Putin awards Valtteri Bottas with Russian F1 GP TrophySport April 30, 18:02
FIA Formula One 2017 Russian Grand Prix boosts off in SochiSport April 30, 15:23
Merkel to pay first visit to Russia in two years for talks with PutinWorld April 30, 14:40
Passenger plane crashes in CubaWorld April 29, 22:49
US anti-missile systems in Eastern Europe violate INF Treaty - Russian foreign ministryRussian Politics & Diplomacy April 29, 20:35
Moscow police say 250 people take part in protest rallyWorld April 29, 16:29
Abe plans to continue dialogue with Putin to solve global issuesWorld April 29, 14:50
Moscow is ready to cooperate with Washington on Syria — LavrovRussian Politics & Diplomacy April 29, 12:24
Diplomat calls US’ allegations about isolation of Russia in UN 'strange'Russian Politics & Diplomacy April 28, 20:58
MOSCOW, November 11. /TASS/. Anti-Russian sanctions introduced by the West in connection with the crisis in and around Ukraine have a favorable effect on the Russian space industry and they will boost its competitiveness eventually, believes Oleg Ostapenko, the director of Russia’s Federal Space Agency (Roscosmos).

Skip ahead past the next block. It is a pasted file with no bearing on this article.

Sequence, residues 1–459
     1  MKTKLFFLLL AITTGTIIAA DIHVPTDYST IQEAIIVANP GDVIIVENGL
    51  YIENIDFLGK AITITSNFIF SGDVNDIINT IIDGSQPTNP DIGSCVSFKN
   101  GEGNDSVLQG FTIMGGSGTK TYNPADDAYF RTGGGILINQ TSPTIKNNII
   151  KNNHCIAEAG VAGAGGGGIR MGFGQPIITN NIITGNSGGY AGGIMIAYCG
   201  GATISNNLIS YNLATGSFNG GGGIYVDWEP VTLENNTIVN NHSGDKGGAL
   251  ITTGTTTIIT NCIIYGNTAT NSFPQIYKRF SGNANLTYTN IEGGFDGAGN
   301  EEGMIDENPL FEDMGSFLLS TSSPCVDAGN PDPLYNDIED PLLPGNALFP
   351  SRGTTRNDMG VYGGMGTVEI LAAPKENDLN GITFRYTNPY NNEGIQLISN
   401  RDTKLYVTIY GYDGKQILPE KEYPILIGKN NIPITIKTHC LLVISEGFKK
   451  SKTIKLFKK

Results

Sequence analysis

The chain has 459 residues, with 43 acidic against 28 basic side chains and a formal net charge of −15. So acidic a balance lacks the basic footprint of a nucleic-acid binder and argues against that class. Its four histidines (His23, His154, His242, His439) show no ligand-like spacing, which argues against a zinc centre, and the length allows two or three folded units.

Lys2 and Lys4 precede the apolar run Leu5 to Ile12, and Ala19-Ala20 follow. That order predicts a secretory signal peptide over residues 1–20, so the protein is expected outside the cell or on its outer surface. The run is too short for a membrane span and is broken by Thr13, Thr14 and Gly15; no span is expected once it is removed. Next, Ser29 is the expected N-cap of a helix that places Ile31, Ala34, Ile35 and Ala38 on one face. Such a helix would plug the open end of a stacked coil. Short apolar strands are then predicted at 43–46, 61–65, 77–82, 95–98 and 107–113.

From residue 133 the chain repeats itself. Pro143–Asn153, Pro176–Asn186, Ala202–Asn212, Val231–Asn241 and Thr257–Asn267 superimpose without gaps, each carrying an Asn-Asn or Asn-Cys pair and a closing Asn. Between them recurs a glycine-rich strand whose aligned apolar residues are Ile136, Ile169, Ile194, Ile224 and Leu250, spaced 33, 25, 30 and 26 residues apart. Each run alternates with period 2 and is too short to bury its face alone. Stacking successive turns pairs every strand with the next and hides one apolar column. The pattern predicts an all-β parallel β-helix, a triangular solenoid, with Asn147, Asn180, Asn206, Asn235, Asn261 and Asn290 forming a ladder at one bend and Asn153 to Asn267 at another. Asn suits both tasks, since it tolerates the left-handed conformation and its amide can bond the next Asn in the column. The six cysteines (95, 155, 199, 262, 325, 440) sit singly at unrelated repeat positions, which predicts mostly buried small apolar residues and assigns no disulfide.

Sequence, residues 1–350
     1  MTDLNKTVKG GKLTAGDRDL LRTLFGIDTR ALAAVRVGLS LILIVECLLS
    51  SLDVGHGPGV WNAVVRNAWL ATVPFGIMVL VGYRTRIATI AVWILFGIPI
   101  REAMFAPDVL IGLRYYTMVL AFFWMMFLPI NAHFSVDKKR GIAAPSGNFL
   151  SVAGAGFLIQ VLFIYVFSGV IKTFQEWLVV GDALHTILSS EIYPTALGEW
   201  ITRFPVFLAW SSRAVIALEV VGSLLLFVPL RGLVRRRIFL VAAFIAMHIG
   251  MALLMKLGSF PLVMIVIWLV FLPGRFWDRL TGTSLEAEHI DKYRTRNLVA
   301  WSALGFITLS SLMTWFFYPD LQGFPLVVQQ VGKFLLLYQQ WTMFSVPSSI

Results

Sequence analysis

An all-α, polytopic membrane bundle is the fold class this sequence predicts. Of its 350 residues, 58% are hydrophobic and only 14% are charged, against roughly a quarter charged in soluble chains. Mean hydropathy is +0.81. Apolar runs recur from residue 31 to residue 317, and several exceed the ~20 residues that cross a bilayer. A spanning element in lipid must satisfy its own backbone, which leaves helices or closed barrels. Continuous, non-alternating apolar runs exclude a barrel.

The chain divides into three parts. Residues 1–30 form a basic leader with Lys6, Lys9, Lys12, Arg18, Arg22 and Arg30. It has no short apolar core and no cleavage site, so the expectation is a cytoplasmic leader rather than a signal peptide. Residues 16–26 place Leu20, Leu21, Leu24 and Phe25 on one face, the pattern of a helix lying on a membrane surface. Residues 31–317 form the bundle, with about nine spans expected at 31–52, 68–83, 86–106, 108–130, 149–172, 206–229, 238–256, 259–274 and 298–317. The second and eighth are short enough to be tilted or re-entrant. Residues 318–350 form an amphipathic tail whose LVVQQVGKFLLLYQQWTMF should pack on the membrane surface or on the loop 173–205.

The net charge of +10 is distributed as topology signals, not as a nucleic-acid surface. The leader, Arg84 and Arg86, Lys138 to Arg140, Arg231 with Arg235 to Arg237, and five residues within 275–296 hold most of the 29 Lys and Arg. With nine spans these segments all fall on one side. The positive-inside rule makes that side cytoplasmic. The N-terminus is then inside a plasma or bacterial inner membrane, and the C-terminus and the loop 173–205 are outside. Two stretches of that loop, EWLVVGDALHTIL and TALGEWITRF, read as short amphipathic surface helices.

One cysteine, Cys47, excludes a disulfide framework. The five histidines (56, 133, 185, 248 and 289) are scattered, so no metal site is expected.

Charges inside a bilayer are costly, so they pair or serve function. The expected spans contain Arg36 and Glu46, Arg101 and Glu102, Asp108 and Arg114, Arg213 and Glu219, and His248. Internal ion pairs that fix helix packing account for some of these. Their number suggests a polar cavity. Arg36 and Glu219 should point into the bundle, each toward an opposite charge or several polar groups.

“In cooperation with other ministries and departments, Roscosmos is implementing a comprehensive project aimed at substituting for imported products,” Ostapenko told Kommersant Daily as he answered a question about the impact the sanctions had wielded on the industry as a whole.
Plans for manufacturing each group of items needed by the industry - carrier rockets, booster blocks, and space probes are being drawn up.
“No doubt, a speedier implementation of the programme than planned originally will require more strenuous efforts on our part but one can state a generally beneficial impact of the sanctions on our sector, as we’ve sped up the steps towards cutting down the lists of /imported/ materials and assembly units, as well as towards unification and introduction of new technological solutions,” Ostapenko said.
The sanctions will stimulate an eventual slashing of the list of finished products and a simultaneous transition to new, more efficacious models.
“In the final run, this will make us independent from foreign suppliers and, on top of that, will make the finished products more reliable and less expensive, which means a boost to the competitiveness of our industry in general,” Ostapenko said.